Tired of the stale minimalist trends of today’s graphic design conventions? Looking to stand out from the crowd with an exuberant and vibrant approach to branding

Enter: Maximalism, the design style dedicated to expressiveness. 

For decades, graphic design has been trending toward minimalism. But maximalism is the spirited alternative bustling beneath the surface. Businesses are beginning to lean into their creative impulses, straying from conventions and coloring outside of the lines. 

Maximalist graphic design is all about stimulation, using an excess of ornamentation to convey a pure, unique message. This design style invites a creative use of color palettes, typefaces, and patterns. 

Today, we will unpack 9 tips to create an effective maximalist graphic design. 

Fearless Use of Color

maximalist graphic design
Designed by Penji

Maximalist graphic design typically deploys a fierce approach to color. Designs express a willingness to be bold and daring. This means experimenting with clashing colors, vibrant tones, and saturated hues.

Maximalism doesn’t have too many rules when dealing with color – find inspiration in this! Feel empowered to incorporate those stripes of high-contrast hues, or reach for those rich, high-energy saturated tones. 

Aggressive Repetition

maximalist graphic design

Maximalist graphic design relies on unconventional manners of creating a hierarchy. Outside of the more traditional route of thinking, where we rely on the size and weight of a particular font to convey the importance of its message. Using repetition with type can help get your point across in a new, interesting way.

This concept can also be applied to typographic decisions.

Avoid Empty Spaces

Maximalist graphic design
Designed by Penji

When working on a maximalist design, be sure to cover your canvas. Now is not the time to be reserved in your expression. While a tactful use of negative space can help your design pop, maximalism will challenge you to do more with, well, more.

Spare no detail and incorporate a broad use of ornamentation to push your viewer into stimulation overload. With maximalism, the collective design is greater than the individual bits. How you use these pieces together as a whole can make or break the experience.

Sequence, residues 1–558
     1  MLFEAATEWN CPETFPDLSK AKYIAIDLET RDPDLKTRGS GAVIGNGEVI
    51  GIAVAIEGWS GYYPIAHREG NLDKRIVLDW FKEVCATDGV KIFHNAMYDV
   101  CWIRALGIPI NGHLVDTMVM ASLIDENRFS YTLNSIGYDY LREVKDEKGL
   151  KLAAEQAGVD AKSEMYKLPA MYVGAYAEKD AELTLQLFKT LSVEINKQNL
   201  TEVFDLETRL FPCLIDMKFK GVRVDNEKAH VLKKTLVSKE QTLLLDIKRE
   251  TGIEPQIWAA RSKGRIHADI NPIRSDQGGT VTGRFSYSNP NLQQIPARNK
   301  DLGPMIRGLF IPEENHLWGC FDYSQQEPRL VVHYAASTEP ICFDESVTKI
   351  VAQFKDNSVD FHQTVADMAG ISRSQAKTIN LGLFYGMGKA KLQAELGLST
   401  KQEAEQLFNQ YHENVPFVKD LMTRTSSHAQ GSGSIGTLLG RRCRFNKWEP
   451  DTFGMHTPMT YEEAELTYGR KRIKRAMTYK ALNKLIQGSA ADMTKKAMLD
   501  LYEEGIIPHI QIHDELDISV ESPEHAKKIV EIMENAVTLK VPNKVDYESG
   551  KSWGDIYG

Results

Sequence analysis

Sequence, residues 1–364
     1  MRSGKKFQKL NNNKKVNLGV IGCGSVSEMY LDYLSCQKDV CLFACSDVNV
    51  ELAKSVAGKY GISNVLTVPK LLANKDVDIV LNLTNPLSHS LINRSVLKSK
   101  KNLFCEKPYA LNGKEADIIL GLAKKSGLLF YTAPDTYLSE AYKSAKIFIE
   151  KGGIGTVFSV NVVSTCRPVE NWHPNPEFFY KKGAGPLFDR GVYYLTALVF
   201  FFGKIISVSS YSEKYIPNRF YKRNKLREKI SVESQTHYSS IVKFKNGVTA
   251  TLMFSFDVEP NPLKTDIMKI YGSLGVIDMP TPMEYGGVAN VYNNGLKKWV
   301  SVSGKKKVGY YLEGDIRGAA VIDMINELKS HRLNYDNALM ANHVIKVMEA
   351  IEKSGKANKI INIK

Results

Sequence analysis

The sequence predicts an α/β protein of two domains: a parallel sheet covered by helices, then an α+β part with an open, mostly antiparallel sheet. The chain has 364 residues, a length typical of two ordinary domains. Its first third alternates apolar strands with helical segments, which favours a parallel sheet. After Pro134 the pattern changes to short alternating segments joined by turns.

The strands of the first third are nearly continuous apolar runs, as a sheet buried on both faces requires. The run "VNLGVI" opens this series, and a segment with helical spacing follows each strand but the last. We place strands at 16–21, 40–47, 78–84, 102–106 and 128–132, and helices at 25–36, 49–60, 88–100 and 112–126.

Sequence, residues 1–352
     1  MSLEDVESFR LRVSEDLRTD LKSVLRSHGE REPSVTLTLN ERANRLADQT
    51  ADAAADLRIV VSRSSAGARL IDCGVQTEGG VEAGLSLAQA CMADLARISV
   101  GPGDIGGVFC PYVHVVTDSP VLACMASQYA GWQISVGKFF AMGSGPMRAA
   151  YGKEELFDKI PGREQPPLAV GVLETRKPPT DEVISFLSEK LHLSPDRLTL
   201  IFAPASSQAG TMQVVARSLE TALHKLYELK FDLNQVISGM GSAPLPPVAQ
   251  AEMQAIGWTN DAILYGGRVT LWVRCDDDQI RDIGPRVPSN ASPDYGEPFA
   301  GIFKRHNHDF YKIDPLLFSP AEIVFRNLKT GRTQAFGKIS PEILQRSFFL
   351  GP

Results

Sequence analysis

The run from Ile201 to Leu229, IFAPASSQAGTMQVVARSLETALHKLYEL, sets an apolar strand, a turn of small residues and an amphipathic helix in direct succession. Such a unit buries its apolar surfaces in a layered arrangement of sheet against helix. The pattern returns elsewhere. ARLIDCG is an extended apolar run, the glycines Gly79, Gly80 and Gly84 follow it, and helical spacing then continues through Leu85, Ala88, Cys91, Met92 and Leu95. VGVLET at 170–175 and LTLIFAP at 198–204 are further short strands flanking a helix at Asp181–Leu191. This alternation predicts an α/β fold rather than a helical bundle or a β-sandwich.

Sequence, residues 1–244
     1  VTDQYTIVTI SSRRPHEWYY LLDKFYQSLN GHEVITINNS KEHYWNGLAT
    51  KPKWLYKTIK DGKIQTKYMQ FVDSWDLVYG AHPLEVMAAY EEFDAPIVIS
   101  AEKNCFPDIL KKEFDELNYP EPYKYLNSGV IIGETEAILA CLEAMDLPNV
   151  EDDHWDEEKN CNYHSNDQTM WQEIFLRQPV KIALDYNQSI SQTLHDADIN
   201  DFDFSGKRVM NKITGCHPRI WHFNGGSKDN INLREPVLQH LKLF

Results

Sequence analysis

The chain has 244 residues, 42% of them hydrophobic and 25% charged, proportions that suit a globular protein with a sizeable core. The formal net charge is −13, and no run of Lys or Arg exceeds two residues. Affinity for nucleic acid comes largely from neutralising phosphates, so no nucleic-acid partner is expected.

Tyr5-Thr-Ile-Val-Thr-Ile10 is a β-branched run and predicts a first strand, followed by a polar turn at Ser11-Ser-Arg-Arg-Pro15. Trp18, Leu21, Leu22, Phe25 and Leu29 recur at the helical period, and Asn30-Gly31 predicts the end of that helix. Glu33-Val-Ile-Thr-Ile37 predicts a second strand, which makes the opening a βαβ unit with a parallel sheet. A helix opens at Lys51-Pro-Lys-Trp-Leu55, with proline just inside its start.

Build Layers

maximalist graphic design, maximalism, typography

Another helpful tool in the maximalist’s repertoire is the ability to create well-layered designs. Laying images creates the sensation of density. To the minimalist, conventions suggest that a cluttered look misguides the eye, creates confusion, and ultimately limits audience engagement. 

But a tasteful use of layered imagery can create just the correct amount of richness, leaving your viewers stimulated.


maximalist graphic design, maximalism

Looking for an effective strategy for layering? Collages are a fun and creative way to expressively build layers in graphic design. Here are a few examples of how our Penji designers have approached collage-based design work.

Lean into the Kitsch

maximalism, maximalist graphic design
Design by Penji

Maximalism asks us to challenge our own perception of standards. A successful maximalist design can exist outside of conventional design boundaries. One example of this is the use of elements typically regarded as tacky, gaudy, and kitsch. 

Mix Design Styles

One of the benefits of maximalism design is its lack of rules. Don’t fret! This is cause for celebration because maximalism openly invites you to meld and mix a myriad of design styles together. 

Recontextualizing well-established design trends can help create a fresh and unique feel. Try experimenting with conventions of different time periods, countries, and art movements. Keep it novel and innovative.

Harness Chaos Deliberately

When it comes to maximalist graphic design, it’s all about execution. Understanding how to properly wield these chaotic weapons will help you get the most out of your design. 

When dealing with maximalist themes, you’re wading in messy waters. A lot of colors, a lot of text, and a lot of details vying for your attention. The goal then, and the job of a good designer, is to harness this chaos deliberately.